Cheats

Is It Time to Retrain B-Schools? in the 3/14 New York Times contained this revealing, disturbing fact:

A study of cheating among graduate students, published in 2006 in the journal Academy of Management Learning & Education, found that 56 percent of all M.B.A. students cheated regularly — more than in any other discipline. The authors attributed that to “perceived peer behavior” — in other words, students believed everyone else was doing it.

How depressing.  We need to throw the ethics curriculum out the window and start fresh because whatever we’ve been doing is inadequate.  How do you reach someone whose sole value is to make as much money as possible?

6 thoughts on “Cheats”

  1. What I don’t understand is if they cheat their way through to get their MBA, how does any one ever actually learn the information. Not only are they cheating themselves, they are cheating their employers, who think that they are getting these great employees, but in fact, they are not what they make themselves out to be.

  2. But what does cheating this situation mean? I think if you asked the majority of students if they cheat they would say no. But if professors knew what all students are doing they might think what we do does constitute cheating. I’m not condoning cheating, but I think its a vague term.

  3. The students in this study acknowledged that they cheated. The cheating label was not put on them by professors. And I’m curious: what vague things do students do that professors might think is cheating?

  4. Here are a few examples that I have seen within SMG and one example I read about in Rick Lax’s Lawyer Boy:

    1) A student has access to older PowerPoints, papers, and business plans of former SMG core students. The student does not plagiarize any work but uses these resources as a foundation for their own work.

    2) A student that asks another student to assist them in a computer design image for their CORE project. CORE professors state ANY work done by a student outside of the group is a violation of the academic conduct code. Teammates were part of the process with the student who did the computer design and were with him the whole time in a tutorial-type learning environment.

    3) A student the night before an exam sends an e-mail through SMGTools to all students in the class asking for notes from the class. The student clearly did not do work in the class, but is sharing the notes cheating? The student is not putting in an honest effort and is using a deceptive e-mail to gain access to notes they do not deserve.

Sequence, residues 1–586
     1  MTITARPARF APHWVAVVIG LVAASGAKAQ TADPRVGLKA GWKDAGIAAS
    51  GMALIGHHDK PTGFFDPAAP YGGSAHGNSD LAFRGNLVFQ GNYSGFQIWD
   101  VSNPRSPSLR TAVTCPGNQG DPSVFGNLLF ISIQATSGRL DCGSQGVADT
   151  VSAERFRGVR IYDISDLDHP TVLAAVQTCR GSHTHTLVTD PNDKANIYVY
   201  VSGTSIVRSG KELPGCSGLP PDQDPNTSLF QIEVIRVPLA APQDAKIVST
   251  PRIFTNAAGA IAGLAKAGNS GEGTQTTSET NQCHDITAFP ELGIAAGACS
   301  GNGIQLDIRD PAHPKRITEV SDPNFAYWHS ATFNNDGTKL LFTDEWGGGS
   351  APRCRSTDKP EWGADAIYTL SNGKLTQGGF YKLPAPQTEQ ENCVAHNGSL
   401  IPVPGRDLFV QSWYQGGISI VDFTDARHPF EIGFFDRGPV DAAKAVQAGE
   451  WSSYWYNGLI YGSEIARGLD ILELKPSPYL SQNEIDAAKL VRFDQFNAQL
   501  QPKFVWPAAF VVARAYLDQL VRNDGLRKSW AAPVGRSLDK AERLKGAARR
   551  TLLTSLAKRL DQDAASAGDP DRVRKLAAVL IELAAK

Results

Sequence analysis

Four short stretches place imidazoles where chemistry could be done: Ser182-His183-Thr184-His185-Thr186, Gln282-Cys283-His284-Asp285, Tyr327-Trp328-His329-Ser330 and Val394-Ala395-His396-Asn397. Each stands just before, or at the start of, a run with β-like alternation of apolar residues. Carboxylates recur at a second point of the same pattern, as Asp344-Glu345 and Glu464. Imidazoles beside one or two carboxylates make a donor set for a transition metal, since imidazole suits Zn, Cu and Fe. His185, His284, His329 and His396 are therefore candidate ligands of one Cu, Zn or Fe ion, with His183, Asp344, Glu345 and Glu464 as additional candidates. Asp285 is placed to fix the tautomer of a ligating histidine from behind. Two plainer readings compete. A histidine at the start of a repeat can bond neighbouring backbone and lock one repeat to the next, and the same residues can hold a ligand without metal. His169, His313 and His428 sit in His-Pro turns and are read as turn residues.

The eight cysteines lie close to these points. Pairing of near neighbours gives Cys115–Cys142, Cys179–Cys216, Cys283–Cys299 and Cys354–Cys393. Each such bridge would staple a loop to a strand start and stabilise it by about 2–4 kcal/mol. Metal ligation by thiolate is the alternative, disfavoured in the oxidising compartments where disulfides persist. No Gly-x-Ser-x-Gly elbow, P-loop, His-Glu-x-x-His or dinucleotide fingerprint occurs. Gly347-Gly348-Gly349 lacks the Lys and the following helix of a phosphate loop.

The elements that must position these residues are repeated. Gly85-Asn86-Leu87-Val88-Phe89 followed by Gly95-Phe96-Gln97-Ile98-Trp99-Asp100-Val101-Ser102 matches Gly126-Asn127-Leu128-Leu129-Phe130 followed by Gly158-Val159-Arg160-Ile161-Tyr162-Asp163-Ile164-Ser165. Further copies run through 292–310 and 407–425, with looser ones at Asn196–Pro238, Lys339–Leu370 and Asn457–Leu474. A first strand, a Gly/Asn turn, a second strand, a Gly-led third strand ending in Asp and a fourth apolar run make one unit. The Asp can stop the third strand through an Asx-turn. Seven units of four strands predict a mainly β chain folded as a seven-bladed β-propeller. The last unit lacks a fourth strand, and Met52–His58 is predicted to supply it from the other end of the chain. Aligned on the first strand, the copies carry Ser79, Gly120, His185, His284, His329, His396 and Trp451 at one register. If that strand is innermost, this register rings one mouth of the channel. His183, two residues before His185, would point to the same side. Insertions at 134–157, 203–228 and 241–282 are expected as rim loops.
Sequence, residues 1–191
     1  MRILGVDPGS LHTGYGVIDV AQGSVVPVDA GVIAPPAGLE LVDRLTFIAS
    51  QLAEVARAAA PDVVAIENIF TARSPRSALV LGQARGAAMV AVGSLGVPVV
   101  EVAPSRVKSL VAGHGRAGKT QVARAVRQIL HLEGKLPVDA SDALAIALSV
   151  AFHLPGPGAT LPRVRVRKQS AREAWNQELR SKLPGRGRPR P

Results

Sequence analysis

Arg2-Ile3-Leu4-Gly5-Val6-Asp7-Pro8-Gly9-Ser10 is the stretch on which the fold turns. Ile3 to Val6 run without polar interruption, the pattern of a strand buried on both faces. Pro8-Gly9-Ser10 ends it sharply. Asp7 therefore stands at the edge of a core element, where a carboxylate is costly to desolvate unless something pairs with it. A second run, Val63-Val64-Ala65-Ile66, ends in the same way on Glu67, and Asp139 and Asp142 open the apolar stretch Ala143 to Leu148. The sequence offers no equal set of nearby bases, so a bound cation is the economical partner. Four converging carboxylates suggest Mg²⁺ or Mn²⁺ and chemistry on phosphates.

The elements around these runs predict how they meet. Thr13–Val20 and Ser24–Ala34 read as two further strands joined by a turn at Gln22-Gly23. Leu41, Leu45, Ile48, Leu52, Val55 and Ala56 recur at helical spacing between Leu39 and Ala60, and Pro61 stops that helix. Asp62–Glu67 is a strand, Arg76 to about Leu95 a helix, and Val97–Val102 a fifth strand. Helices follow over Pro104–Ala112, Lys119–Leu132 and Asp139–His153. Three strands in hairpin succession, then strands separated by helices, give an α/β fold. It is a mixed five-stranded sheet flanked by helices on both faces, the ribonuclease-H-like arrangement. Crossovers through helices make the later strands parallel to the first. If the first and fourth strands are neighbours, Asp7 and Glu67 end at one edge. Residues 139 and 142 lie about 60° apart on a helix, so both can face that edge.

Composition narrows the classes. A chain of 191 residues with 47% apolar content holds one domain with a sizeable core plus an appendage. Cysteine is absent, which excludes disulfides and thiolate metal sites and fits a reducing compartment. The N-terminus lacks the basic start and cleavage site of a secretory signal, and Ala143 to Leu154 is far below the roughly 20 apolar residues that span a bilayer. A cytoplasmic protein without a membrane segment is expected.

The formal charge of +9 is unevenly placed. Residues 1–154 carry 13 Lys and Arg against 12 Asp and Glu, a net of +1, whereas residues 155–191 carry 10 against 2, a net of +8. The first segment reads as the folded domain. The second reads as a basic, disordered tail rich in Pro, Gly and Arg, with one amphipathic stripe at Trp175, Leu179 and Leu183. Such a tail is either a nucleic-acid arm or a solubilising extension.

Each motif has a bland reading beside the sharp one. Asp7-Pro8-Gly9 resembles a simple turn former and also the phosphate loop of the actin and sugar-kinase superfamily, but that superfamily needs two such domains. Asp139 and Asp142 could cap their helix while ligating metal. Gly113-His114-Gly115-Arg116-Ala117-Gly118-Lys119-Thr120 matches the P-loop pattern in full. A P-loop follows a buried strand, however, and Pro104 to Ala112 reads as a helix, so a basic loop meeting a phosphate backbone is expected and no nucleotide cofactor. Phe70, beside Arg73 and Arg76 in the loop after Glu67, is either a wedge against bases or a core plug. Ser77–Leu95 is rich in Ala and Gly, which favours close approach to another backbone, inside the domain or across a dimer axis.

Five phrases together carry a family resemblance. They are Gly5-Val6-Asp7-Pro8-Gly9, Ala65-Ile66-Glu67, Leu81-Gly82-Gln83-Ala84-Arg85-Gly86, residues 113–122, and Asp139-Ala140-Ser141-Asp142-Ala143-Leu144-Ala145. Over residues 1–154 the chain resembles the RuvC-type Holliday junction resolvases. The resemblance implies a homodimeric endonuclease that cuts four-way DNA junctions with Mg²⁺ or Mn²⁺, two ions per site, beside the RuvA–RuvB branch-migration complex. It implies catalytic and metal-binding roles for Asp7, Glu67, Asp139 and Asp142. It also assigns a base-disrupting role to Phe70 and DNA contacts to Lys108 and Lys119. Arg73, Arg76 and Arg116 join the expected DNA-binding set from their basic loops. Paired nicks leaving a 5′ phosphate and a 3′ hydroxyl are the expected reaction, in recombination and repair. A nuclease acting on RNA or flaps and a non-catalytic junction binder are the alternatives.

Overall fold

4)Online tests and students working together to complete the test.

    5) Not knowing one or two answers on an assignment before class begins. Asking a friend or neighbor and blindly writing their answer because some answer is better than no answer.

    6) This example comes from Rick Lax’s book Lawyer Boy. A law professor was known to give the same test each semester and students got access to a 3L’s paper from the year prior. The paper was an A and students used this paper as a basis for their own argument. The e-mail with the 3L’s paper was submitted to over half of the class. One of the students contemplated telling the professor (which he in turn did) and the professor had them write a new paper. In my experience, it was common knowledge that my High School Physics teacher recycled tests and we would often try and gain access to previous ones. But how different is that from students who can buy recycled LSAT tests and hope that they can apply similar logic and see similar concepts or even the exact questions in future tests?

  5. Did you read a similar study that came out a while ago that suggested that students who were in very prestigious schools are actually more prone to cheating than colleges that are less prestigious?

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